Buffett disappoints, Transocean self-congratulates
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Buffett disappoints, Transocean self-congratulates

Paul Holmes

  • Twenty years ago, back when Warren Buffett was helping Salomon Brothers recover from scandal, he won a lot of admirers in the public relations community with his pronouncement that: “If you lose money for the firm by bad decisions, I will be very understanding. If you lose reputation for the firm I will be ruthless.” So it is with some sadness that I have to agree with New York Times op-ed columnist Joe Nocera that Buffett’s response to a new insider trading scandal at Berkshire Hathaway is disappointing, particularly his statement that: ““Neither Dave nor I feel his Lubrizol purchases were in any way unlawful.” Because lawful or not, Dave Sokol’s actions have been damaging to Berkshire Hathaway’s reputation—and to Buffett’s too. 
  • It looks like BP isn’t the only company that thinks self-congratulation is the appropriate response to the most disastrous oil spill in the history of man. Executives at Transocean, the company that was responsible for running the Deepwater Horizon rig that pumped millions of gallons of oil into the Gulf of Mexico, have just awarded themselves generous safety bonuses related to the company’s environmental safety performance. Which is kind of like giving the security guards at the Ford’s Theater a bonus because apart from that little incident involving President Lincoln the night went off without a hitch.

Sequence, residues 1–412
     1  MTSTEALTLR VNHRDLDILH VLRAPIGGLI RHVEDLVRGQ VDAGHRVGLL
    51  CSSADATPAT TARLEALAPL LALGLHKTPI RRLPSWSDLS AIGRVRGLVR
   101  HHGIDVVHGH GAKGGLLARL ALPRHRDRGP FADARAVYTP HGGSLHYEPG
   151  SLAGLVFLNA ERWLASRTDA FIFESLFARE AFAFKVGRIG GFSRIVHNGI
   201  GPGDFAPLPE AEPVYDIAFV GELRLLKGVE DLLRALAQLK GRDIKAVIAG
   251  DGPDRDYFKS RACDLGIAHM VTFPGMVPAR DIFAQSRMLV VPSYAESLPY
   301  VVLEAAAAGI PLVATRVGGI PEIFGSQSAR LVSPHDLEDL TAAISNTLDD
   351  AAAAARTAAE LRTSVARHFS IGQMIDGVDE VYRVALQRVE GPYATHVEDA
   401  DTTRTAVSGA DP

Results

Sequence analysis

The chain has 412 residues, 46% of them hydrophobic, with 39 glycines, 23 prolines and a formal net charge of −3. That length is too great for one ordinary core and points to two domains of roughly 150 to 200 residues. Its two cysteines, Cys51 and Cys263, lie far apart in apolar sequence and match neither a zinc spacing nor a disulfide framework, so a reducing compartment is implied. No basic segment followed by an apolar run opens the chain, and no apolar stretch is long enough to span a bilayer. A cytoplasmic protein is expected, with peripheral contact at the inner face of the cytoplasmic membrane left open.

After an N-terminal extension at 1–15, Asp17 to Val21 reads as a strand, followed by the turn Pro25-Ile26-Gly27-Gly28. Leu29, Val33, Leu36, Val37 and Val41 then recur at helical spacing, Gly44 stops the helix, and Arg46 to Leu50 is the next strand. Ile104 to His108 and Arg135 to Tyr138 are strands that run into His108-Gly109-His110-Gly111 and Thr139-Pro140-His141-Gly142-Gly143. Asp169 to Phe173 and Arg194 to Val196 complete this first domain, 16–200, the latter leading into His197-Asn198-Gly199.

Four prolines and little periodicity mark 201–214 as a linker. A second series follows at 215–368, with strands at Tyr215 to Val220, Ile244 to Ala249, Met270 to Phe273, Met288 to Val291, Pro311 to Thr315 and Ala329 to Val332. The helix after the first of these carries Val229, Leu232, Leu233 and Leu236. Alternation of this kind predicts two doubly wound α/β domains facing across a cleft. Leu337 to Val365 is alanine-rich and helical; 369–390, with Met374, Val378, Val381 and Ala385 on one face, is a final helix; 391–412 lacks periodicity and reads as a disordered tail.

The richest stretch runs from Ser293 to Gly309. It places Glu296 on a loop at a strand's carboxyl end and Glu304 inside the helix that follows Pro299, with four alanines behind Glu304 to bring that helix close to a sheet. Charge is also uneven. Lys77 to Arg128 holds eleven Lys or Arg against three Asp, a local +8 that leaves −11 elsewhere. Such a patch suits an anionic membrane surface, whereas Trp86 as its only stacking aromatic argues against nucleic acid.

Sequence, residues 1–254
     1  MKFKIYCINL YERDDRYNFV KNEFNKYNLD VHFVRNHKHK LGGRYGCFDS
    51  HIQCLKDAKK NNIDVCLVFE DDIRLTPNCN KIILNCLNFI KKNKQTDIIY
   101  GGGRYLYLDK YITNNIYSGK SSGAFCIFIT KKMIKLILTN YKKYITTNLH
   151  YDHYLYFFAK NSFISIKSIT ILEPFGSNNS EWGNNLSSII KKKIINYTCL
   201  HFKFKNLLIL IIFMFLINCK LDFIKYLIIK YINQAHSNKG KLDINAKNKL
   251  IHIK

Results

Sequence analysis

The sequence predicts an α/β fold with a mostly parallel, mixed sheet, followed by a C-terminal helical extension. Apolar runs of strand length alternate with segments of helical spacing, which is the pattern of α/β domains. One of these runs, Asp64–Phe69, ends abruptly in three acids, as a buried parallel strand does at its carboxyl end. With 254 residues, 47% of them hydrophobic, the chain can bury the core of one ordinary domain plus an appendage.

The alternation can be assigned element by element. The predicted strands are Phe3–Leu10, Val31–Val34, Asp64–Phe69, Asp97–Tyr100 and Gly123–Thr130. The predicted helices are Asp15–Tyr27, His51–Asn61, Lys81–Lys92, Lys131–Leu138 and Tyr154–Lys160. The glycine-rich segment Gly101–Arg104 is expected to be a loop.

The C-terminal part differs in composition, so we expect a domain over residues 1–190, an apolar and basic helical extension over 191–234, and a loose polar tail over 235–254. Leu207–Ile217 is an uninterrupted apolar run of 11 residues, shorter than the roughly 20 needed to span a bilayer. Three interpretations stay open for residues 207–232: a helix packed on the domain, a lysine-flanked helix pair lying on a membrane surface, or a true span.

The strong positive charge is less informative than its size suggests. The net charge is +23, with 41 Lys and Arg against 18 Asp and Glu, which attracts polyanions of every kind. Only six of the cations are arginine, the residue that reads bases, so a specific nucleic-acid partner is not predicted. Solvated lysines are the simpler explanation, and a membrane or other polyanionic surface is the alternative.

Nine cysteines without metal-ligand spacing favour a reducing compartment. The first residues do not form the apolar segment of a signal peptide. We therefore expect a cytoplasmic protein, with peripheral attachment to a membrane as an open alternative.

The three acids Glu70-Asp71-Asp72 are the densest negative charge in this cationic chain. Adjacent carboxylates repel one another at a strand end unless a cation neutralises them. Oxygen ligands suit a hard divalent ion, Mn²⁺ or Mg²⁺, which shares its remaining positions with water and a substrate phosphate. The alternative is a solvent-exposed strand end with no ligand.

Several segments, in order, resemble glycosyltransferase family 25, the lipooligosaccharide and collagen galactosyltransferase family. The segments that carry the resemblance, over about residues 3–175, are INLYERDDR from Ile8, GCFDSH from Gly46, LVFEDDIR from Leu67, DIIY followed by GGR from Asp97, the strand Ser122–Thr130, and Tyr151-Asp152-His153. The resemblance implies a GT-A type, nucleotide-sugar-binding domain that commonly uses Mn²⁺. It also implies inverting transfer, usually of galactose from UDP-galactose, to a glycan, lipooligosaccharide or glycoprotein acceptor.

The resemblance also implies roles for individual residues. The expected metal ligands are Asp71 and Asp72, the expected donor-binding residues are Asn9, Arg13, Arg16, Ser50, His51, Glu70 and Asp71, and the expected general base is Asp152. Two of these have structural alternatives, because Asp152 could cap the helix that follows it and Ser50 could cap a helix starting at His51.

• Via Waggener Edstrom’s Michele Clarke, it is clear that at least some shareholders are interested in reining in outlandish executive pay, which is interesting and encouraging. But the most interesting thing about the article in question is its summary of the argument against giving shareholders the right to vote on that issue. “They said shareholders weren’t sophisticated enough to understand the complexities of executive compensation.” It’s hard to imagine a clearer case of the “you must trust us, but we don’t trust you” mindset.
  • The Harvard Business Review is paying a little more attention to public relations topics there days (see this piece by Leslie Gaines-Ross), but it’s still quite an achievement for a PR person to be published there, so congratulations to Joan Schneider of Boston’s Schneider Associates for this article on why most product launches fail. Apart from anything else, it demonstrates the potential benefit of taking a smallish consumer PR firm and becoming known for one thing: in this case, launch PR.
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